I sat with the people. I got to see the good and the bad, the happy and the sad. What I learned by not being a C-level executive from the start is empathy. The agents felt like they did not have their dignity and a lot of them felt expendable or like a robot. When you hear those things, you do realize that people have lives outside of the office, which may affect their performance. Instead of writing checks and saying good morning, I’ll know your name.

As you can see, I have a gamification culture here. I collect pinballs, Jukeboxes and arcade machines. I like to play games with the agents and let them let off steam and make friends. Unlike what we’ve seen in the movies and we’ve all seen the Boiler Room, The Wolf of Wall Street and Glengarry. There are some centers like that but not all call centers sell stock or have that assertiveness on the phone. It doesn’t match every profile agent that you and I have hired.

Hollywood glamorizes it but yes, these individuals are very talented in speech. Since English was their second language, I took that delicate position and expanded on their vocabulary with the resources, understanding the North American culture, their delivery and being in the call center space, focusing on quality assurance. We can listen to their calls, grade their calls and focus on their soft skills.

It’s a people business. Soft skills make all the difference in what happens. Thinking back on your career, I’m going to ask you about a hard lesson. Something that happened that at the moment was like, “I did not like that,” but maybe in retrospect, it turns out that it was positive for you on your journey. Do you have a hard lesson like that you could share with us?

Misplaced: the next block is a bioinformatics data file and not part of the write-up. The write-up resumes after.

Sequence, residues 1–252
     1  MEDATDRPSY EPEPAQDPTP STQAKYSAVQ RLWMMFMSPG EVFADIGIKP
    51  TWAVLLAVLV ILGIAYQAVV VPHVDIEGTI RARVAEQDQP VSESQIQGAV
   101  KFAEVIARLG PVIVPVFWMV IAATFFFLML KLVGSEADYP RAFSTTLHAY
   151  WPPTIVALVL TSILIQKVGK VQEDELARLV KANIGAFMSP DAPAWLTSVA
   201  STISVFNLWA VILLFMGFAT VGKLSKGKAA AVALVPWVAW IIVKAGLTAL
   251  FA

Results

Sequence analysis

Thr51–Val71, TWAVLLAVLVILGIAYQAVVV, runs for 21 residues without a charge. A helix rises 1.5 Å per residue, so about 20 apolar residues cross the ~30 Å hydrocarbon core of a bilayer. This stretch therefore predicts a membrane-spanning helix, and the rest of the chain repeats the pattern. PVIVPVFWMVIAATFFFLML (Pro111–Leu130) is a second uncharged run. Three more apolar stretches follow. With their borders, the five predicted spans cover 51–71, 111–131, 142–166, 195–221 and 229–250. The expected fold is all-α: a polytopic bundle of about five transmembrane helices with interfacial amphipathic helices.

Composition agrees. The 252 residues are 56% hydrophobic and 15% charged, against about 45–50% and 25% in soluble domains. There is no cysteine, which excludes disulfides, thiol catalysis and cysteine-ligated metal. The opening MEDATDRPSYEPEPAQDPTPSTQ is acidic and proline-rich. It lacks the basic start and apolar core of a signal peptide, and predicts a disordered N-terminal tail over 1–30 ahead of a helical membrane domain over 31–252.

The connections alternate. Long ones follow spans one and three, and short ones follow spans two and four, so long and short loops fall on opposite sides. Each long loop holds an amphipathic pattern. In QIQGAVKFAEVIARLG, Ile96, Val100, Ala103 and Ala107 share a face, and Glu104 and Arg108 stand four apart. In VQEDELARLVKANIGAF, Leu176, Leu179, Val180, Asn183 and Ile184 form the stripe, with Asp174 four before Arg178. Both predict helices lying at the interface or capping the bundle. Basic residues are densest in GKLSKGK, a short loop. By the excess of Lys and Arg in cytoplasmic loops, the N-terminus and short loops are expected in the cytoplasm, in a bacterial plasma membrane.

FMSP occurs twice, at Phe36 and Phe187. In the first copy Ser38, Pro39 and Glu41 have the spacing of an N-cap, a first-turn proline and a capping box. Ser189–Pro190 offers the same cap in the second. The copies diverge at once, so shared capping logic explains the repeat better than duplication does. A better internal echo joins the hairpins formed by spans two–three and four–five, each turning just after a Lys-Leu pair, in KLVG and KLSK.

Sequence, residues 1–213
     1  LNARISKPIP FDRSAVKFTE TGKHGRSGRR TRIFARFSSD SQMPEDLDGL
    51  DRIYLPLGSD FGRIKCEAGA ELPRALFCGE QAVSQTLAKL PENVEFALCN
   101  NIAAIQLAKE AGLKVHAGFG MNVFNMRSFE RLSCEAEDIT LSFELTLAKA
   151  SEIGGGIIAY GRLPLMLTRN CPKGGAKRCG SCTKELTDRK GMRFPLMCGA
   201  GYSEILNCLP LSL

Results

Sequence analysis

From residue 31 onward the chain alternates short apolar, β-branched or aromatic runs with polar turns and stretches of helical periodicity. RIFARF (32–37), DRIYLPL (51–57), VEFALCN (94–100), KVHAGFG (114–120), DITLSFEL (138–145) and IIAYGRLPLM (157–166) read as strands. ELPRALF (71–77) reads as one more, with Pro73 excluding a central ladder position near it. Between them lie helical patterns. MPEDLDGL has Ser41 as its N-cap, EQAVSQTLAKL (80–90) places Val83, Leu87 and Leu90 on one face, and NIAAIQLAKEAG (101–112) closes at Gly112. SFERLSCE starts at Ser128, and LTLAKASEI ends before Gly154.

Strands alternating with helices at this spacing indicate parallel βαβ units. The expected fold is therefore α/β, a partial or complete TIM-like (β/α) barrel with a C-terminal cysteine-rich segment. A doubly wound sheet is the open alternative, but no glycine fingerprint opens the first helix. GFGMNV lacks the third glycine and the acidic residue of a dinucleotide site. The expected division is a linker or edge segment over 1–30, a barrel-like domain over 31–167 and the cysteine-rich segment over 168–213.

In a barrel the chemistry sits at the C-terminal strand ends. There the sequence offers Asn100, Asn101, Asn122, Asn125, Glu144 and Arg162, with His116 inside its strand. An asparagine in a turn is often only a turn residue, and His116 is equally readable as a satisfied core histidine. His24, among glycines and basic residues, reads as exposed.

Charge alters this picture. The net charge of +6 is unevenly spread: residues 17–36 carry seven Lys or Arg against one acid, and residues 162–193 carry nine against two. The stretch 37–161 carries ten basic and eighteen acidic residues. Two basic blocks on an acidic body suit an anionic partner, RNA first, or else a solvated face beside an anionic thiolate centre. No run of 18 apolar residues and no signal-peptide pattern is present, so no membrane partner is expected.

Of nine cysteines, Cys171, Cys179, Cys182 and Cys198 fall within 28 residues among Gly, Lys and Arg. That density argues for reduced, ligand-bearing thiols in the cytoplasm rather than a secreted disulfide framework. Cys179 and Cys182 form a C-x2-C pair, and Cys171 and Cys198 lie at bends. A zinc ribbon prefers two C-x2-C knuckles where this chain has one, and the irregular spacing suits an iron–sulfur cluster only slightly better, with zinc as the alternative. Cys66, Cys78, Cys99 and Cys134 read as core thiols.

I started my business in 2008. In 2010, I put the majority of my eggs in one basket. I went from 90 seats down to 4 seats. I lost a very large account. A couple of things happened. Reality hits you in the face. It makes you very humble. It makes you very grateful that you had a run but then you also judge someone’s character during the chaos. Instead of breaking windows, picking puppies and screaming at everybody, I became a lot more appreciative of the four agents that were with me to help build up the company again. Also, you learn a life lesson as well about being a one-trick pony. Could lightning strike twice? Was I just lucky?

I’m not happy about the fact that I got knocked down. It didn’t mean I got knocked out. What I had to do was readjust myself for the remaining rounds of the fight. Building a business from 90 seats to 4 seats and then 150, I have the ability to pick myself back up and continue. You could always quit and give up. You could say, “We did well,” but for me, I almost take the John Wayne philosophy of dying with my boots on.